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5&1, Part 5: A Dark and Stormy Night

You’re probably unaware if reading this in the States, but we don’t really do Halloween in Britain; or at least, we didn’t until Hollywood instructed us and the rest of the world how to do it. I remember seeing E.T. in the cinema when it came out (jeepers—I can’t believe that it was 38 years ago!) and being totally confused about everyone wandering around as Frankenstein’s monster or Dracula. Just weird. But I totally get that it might be fun. And since composers have gone to town over the centuries with the ghoulish and macabre, it’s as good a time as any to pick out a few chillers from the archives.

So in recognition of Snoopy’s contribution to great literature, this is the kind of music to play on a dark and stormy night:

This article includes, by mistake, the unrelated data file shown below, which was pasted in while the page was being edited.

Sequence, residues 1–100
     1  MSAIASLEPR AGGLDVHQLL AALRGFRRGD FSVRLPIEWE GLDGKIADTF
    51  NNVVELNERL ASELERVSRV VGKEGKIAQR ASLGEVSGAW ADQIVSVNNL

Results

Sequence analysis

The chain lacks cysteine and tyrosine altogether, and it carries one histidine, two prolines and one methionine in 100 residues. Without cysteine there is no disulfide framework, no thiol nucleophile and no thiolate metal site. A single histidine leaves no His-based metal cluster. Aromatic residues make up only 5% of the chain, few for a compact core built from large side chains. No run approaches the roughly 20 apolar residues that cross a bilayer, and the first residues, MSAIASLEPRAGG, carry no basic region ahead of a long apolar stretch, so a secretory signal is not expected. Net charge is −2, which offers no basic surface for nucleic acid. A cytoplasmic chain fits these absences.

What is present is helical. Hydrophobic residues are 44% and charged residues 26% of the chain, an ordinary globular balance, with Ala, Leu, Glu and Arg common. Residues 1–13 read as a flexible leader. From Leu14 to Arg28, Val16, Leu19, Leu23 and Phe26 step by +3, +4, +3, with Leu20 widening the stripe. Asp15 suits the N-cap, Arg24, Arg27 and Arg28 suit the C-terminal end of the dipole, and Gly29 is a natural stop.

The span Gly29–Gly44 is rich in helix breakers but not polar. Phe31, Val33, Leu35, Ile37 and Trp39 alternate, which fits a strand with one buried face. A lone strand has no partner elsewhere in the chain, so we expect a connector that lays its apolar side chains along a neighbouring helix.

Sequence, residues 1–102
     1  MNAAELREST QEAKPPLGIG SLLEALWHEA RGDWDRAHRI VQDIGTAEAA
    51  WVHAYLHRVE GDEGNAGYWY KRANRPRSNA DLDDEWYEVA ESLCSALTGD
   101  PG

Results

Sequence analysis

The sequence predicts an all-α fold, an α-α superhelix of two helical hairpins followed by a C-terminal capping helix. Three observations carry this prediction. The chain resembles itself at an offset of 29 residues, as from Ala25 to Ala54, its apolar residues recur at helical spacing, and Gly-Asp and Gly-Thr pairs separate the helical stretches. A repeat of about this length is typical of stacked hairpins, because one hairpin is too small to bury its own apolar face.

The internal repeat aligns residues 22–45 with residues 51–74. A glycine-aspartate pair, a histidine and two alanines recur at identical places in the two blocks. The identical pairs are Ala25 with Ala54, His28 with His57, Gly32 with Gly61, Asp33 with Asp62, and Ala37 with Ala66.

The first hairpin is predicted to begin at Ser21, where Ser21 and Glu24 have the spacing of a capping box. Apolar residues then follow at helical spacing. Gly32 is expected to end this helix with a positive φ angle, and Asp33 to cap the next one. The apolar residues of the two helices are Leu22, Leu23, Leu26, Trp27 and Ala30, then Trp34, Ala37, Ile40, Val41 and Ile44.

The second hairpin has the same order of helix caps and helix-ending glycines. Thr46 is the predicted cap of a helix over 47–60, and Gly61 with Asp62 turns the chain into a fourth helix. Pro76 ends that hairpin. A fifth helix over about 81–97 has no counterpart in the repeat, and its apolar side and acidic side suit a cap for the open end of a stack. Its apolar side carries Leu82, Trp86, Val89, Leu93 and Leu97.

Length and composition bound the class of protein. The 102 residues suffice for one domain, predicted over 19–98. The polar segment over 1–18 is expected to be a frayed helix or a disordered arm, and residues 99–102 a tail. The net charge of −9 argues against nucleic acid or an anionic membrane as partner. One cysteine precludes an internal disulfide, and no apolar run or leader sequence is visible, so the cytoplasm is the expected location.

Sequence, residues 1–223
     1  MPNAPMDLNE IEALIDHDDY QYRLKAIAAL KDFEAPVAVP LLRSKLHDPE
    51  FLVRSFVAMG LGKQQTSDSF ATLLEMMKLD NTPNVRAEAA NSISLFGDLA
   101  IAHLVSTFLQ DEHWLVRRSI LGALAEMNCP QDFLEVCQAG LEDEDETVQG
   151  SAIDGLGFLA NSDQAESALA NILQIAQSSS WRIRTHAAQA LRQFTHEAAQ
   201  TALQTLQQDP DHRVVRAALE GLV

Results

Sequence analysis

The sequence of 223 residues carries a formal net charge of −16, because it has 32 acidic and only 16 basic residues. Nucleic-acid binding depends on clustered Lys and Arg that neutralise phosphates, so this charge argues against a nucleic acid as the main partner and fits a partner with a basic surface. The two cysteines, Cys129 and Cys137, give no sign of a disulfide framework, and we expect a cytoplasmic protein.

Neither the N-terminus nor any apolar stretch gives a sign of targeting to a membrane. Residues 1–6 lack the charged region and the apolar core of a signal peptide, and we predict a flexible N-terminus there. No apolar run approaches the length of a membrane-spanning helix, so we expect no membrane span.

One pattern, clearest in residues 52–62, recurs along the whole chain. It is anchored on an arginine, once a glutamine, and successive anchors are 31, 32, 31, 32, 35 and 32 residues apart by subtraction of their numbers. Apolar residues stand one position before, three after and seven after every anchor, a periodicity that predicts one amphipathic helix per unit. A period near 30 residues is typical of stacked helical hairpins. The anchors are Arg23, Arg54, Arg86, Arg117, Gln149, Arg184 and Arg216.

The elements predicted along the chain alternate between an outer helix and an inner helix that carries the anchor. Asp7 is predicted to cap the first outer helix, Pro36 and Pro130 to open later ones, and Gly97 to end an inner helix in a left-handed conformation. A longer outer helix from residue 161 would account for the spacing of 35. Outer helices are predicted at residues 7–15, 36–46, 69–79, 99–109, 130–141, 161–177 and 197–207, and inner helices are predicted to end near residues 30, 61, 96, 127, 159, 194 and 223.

Night on Bald (or Bare) Mountain

  • Modest Mussorgsky (1839-1881, Russian)

  • Vienna Philharmonic, Valery Gergiev (cond.)

A brilliant but troubled prodigy who published his first composition aged only 12, Mussorgsky died at only 42 having never been able to break the grip of alcoholism and insanity. His musical legacy is remarkable, though (his opera Boris Godunov, a Russian Macbeth-type story, is one of my favourite pieces). This is a tone poem (a musical depiction of a scene or narrative) which evokes some very dark goings-on to commemorate St. John’s Eve (June 23rd). He completed the composition on that very day in 1867. But it would take the orchestration by his friend Rimsky-Korsakov for it to become really well known. Shivers…

Peer Gynt Suite: In the Hall of the Mountain King